Tricking our tongues: Creating guilt-free cheese
What have sound waves got to do with dairy fat content? It turns out it’s all in the mixing
For many of us, a cheese platter after a nice meal is a guilty pleasure.
But new research into fat displacement technology, known as double emulsions, could reduce the amount of fat in cheese, while tricking our tongues into thinking we are still eating something with a full fat, creamy flavour.
Cheese is a high-fat and high-calorie food. Depending on the variety, you’re consuming up to 33 per cent fat when you eat it, mostly of the saturated kind. Just one piece of cheddar cheese can contain about 6 to 9 grams of fat.
But when we opt for the healthy choice, most of us find reduced fat cheese loses its creaminess since a lot of the flavour and texture results from its fat structure.
The ARC Dairy Innovation Hub’s Functionalised Milk Streams team located at the University of Melbourne is developing new ways to create healthier and tastier dairy products.
“The use of double emulsions means the taste stays the same, but the total calorific content is reduced by replacing fat with internalised water droplets,” says Dr Thomas Leong, an early career post-doctoral research fellow from the University of Melbourne.
“By doing this, we can trick our tongues into thinking that we are consuming something that feels a lot higher in fat than it actually is.”
Replacing the fat content with water can reduce calorie content by 30 per cent.
Using sound waves to reduce fat content
The team is using a bottom-up approach to completely redesign the fat component of dairy products, starting with one of Australia’s favourite cheeses: cheddar
“We use the natural fat-emulsifying proteins in milk, to redesign the types of fats we can incorporate into milk products such as cheeses, yogurts and smoothies. For example, the highly saturated fat present in cow’s milk can be replaced with healthier vegetable origin oils such as olive and sunflower oils.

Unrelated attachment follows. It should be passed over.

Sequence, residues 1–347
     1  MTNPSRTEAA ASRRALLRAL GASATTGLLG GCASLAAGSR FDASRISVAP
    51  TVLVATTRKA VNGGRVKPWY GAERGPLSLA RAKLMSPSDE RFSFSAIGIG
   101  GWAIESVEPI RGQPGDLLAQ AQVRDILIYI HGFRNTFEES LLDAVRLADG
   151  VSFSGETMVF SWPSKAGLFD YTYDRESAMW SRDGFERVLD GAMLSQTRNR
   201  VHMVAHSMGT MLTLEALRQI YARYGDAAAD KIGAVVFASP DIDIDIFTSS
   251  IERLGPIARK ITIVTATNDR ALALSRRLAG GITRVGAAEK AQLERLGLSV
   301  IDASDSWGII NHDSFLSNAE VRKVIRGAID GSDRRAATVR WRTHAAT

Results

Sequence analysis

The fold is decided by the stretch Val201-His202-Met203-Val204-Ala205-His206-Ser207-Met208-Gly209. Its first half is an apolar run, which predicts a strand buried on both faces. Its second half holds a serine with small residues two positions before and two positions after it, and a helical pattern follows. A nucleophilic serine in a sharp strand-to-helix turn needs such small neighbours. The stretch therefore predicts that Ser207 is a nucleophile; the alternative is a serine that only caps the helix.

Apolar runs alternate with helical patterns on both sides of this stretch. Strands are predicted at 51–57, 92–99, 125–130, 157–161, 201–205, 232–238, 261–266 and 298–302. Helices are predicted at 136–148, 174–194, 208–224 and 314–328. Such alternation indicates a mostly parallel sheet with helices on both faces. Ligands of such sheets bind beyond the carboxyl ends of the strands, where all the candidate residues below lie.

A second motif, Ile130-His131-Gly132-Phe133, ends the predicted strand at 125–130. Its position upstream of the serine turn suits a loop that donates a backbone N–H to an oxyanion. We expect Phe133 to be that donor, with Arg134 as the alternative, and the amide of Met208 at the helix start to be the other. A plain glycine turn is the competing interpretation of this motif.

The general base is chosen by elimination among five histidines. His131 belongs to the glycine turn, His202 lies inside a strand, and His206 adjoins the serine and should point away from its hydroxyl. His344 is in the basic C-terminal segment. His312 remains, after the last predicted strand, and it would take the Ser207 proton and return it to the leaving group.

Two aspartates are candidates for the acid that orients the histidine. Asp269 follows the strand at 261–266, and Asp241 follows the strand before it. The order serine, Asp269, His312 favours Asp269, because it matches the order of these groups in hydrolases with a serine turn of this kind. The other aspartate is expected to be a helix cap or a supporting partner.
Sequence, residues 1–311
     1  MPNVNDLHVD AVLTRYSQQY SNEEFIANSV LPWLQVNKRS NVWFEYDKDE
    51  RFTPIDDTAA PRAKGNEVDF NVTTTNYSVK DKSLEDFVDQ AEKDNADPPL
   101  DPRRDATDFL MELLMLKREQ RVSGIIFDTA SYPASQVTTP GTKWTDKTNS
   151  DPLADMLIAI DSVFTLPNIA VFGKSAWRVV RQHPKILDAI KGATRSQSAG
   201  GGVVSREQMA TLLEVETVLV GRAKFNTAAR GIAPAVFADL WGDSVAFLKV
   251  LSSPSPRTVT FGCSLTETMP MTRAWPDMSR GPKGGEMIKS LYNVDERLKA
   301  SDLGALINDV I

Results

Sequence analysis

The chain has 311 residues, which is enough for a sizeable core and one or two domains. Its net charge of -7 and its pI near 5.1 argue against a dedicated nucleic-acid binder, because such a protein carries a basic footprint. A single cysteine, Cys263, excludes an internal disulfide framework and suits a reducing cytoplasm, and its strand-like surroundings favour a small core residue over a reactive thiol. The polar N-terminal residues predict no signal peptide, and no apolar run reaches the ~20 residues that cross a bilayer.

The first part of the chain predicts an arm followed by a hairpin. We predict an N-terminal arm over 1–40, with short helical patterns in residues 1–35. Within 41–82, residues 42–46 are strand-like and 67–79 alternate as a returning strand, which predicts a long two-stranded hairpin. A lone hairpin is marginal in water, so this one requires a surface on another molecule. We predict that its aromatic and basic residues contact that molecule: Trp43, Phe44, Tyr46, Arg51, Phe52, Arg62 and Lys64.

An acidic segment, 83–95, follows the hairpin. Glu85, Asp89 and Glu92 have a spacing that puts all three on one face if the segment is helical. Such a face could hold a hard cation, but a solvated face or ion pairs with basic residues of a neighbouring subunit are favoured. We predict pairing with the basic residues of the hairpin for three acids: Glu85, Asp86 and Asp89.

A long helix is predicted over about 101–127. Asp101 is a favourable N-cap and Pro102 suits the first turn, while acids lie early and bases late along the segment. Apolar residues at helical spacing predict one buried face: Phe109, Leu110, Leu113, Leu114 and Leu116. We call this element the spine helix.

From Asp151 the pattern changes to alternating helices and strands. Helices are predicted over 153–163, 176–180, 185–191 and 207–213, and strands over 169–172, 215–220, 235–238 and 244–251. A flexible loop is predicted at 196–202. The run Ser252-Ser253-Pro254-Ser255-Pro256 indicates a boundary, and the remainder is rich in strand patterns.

“These fats contain a higher amount of omega-3 fatty acids and have additional benefits in that they do not spike cholesterol levels like animal fats can.”
To make these emulsions, the team uses sonic waves and high pressure to generate intense mixing forces on a micro-scale to disperse and stabilise droplets of oil in milk. The mixing forces are generated by a process known as cavitation, which is the formation and collapse of miniature bubbles.
“A balloon that pops gives off a large amount of energy,” says the University of Melbourne’s Professor Muthupandian Ashokkumar, one of the project’s chief investigators.
“Cavitation is essentially the same process, but it occurs within very small, but extremely intense ‘hot-spots’. The ability for sound waves or high pressure to create thousands of these bubble hot-spots is the key to efficiently creating stable fat droplets in dairy products.”
Stable fat droplets are important because they do not collect to form one big mass of fat - a process known as phase separation, which negatively impacts appearance and taste.
When can expect these products on our supermarket shelves?
“This technology will provide Australian dairy companies with new capability to tailor their products,” says Dr Leong.
“It could provide significant value-add for Australian dairy companies. The challenge we are addressing is to understand how to formulate double emulsions that are stable and can be produced in a cost-effective manner.”
The ARC Dairy Innovation Hub is collaborating with industry partners and the University of Queensland, and the research is now moving fast. The next stage is to work closely with industry to design products that people will want to eat.
Dr Gregory Martin, who’s leading the project, says the team is beginning to assess the functional characteristics of different types of cheeses made using double emulsions.
“The cheeses made in the lab look, feel and smell great. However, the proof is in the tasting, and the next task will be to make the double emulsion cheeses in a commercial facility so we can confirm that it tastes as good as it looks.”
Dr Lydia Ong and Associate Professor Sally Gras also contributed to cheese making and microstructure analysis.
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